Still, he will miss most of the 2024 season.

The Broncos drafted outside linebacker Jonah Elliss in the third round, with Elliss joining Jonathon Cooper, Baron Brown and Nik Bonitto at outside linebacker.

Denver made Sanders a third-round pick last year, and he began at inside linebacker before moving to outside linebacker midway through the 2023 season.

He played all 17 games and saw action on 258 defensive snaps and 297 on special teams as a rookie. Sanders totaled 24 tackles, a tackle for loss and a fumble recovery.


Cornerback Jaycee Horn has played 22 games and missed 29 with injuries since the Panthers made him the eighth overall pick in 2021.

Horn, 24, decided to change his offseason training in an attempt to stay on the field in 2024. He went back to what he did in college at South Carolina and added more weightlifting to his offseason training.

“Just trying different things,” Horn said Monday, via Joe Person of TheAthletic.com. “Obviously, what I did the years before didn’t work with dealing with injury — and it can be some unlucky-ness. Just trying to switch something up and start from ground zero and build my body back up.”

Horn has had some soft-tissue injuries like a hamstring in Week 1 last season that required surgery. He missed 10 games. But three broken bones in his foot as a rookie and a fractured wrist his second season were just bad luck.

He has made only four interceptions and 13 passes defensed in three seasons.

“I watch tape,” Horn said. “I know what I’m capable of, and I still feel like I’m one of the best DBs in this league. I’ve just got to be out there to show it. So, that’s what I’m looking forward to doing.”


NFL teams can designate one player from outside the United States as their international roster exemption, and the Panthers have chosen a player with more American football experience than most.

Junior Aho, a defensive lineman from France, has signed with the Panthers. He gets the team’s international exemption, which means he does not count toward the Panthers’ 90-player offseason roster limit and also won’t count toward the practice squad limit if he’s on the practice squad during the regular season. He would count toward the 53-player limit if he makes the active roster.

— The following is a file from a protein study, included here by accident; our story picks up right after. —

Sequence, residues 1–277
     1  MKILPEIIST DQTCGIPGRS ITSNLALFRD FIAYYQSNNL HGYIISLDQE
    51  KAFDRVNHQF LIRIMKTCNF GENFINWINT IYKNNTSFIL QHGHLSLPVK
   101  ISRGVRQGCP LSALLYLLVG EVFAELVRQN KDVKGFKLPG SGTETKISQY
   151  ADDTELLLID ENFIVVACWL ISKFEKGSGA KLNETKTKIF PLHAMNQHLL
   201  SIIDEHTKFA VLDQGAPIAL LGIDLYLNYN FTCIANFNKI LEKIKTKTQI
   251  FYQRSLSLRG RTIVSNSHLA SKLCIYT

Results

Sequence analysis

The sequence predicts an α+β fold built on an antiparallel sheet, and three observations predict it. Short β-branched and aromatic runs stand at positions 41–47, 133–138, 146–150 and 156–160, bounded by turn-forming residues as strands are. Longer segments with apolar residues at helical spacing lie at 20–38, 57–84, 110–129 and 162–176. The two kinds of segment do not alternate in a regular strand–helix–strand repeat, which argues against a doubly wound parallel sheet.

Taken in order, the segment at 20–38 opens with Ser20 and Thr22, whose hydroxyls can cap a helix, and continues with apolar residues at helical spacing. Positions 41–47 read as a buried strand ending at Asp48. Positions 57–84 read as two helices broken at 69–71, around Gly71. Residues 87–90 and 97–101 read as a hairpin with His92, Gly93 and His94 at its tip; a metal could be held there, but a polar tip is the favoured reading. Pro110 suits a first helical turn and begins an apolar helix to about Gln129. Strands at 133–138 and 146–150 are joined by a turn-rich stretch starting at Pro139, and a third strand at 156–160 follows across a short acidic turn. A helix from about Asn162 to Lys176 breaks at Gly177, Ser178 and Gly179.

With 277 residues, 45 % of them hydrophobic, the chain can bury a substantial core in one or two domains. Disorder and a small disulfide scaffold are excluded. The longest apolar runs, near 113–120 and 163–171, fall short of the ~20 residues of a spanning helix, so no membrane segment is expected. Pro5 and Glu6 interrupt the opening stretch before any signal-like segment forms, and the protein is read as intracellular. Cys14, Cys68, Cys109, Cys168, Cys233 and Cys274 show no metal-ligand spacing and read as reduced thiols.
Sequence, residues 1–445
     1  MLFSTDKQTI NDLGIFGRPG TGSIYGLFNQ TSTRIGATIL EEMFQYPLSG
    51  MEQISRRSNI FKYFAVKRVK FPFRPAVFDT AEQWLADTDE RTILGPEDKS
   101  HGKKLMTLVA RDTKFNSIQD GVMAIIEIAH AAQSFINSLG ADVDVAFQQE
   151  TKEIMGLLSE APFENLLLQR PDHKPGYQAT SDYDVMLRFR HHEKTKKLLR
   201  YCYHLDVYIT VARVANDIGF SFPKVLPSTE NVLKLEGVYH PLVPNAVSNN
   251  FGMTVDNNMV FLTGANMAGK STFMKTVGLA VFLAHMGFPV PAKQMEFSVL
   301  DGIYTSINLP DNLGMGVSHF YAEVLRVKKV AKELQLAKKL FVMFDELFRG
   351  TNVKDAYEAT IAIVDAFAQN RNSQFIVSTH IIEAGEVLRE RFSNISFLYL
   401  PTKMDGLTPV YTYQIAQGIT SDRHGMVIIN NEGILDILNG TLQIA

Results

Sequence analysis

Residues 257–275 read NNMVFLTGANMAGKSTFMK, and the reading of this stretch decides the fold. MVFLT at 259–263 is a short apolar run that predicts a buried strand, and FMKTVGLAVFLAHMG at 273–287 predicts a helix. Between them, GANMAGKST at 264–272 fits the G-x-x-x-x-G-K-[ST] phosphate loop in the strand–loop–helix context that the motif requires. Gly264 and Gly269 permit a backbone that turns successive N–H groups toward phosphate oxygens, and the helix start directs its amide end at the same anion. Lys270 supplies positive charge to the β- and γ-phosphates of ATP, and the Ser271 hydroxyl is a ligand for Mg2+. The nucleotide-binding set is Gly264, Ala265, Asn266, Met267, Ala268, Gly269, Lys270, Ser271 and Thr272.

Aho started playing for an American football club in his hometown of Nice, France, which got him a shot to play in college in the United States, first at New Mexico Military Institute and then at SMU.

After going undrafted last year, Aho signed with the Vikings and was on their practice squad.


When the NFL schedule was released last week, 31 teams learned that they will be playing games in prime time this season.

The Panthers were the only team to be left out of the fun. They will have a standalone game when they face the Giants in Germany on a Sunday morning in the U.S. in Week 10, but they will otherwise be playing Sunday afternoon games for the rest of the season.

On Monday, head coach Dave Canales said that those are the breaks for a team coming off of a 2-15 season.

“You got to earn it, you got to earn prime-time games,” Canales said, via the team’s website. “They don’t just throw you on prime-time games for no reason. . . . We have to build something, a version of football that we’re proud of and be able to accentuate the strengths and talents of our guys that we have.”

Canales believes the team will get to that point, but that they have “a long way to go” before they will be scoring the most desired spots on the schedule.